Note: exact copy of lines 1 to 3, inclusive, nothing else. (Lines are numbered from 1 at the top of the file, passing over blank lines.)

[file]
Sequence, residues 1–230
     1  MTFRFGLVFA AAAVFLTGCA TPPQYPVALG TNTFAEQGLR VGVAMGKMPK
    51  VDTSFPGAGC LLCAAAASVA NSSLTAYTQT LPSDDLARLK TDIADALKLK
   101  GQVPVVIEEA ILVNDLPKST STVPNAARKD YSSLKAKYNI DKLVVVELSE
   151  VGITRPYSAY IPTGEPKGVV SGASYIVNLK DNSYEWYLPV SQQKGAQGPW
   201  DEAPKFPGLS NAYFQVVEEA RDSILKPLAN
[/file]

Sequence, residues 1–230
     1  MTFRFGLVFA AAAVFLTGCA TPPQYPVALG TNTFAEQGLR VGVAMGKMPK
    51  VDTSFPGAGC LLCAAAASVA NSSLTAYTQT LPSDDLARLK TDIADALKLK